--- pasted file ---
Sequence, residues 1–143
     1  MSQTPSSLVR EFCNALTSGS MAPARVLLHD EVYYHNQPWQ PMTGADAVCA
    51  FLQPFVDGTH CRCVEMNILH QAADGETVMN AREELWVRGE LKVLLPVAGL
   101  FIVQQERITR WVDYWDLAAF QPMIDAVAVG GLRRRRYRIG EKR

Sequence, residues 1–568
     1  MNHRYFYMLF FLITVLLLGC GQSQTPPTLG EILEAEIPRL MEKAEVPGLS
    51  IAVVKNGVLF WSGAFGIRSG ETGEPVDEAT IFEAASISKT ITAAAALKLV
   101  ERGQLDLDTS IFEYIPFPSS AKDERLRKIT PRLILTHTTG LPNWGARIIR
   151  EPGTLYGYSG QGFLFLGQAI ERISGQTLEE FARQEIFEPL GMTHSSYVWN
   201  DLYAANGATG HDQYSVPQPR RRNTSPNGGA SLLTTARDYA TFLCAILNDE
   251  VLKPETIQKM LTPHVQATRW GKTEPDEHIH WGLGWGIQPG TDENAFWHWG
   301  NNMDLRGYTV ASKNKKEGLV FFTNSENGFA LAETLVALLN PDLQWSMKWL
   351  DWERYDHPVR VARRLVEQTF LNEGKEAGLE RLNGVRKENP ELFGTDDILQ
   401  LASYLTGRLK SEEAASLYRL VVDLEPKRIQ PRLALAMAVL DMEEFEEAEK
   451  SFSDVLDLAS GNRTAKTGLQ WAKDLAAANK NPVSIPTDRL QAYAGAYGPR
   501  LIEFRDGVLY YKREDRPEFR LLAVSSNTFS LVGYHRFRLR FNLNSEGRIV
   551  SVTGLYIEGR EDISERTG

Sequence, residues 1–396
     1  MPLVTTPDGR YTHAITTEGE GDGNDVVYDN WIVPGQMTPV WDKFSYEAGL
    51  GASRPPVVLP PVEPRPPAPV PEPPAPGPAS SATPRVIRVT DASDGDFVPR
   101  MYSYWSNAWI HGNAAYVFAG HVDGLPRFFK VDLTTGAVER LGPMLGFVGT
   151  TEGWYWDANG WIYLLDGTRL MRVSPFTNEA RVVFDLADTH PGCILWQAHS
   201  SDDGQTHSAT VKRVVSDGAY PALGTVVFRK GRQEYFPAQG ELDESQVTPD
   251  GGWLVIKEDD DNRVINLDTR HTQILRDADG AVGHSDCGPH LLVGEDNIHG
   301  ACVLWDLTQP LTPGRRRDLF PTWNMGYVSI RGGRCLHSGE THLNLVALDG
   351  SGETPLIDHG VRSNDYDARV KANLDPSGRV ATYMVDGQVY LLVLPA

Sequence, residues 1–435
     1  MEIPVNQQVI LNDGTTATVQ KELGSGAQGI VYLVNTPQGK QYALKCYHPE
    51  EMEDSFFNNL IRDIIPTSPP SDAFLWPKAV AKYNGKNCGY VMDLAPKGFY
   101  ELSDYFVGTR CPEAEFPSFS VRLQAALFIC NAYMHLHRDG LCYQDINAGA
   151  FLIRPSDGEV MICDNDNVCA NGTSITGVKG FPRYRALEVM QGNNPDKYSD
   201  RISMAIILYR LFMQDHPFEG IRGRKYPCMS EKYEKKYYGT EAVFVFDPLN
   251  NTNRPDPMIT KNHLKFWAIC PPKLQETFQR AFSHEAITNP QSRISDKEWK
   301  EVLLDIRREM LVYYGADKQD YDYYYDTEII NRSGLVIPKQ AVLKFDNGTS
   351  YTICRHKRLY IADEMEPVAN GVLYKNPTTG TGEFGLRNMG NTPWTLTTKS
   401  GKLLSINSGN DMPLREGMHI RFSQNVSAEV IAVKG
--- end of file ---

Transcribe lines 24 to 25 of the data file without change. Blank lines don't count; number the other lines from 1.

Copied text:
   251  GGWLVIKEDD DNRVINLDTR HTQILRDADG AVGHSDCGPH LLVGEDNIHG
   301  ACVLWDLTQP LTPGRRRDLF PTWNMGYVSI RGGRCLHSGE THLNLVALDG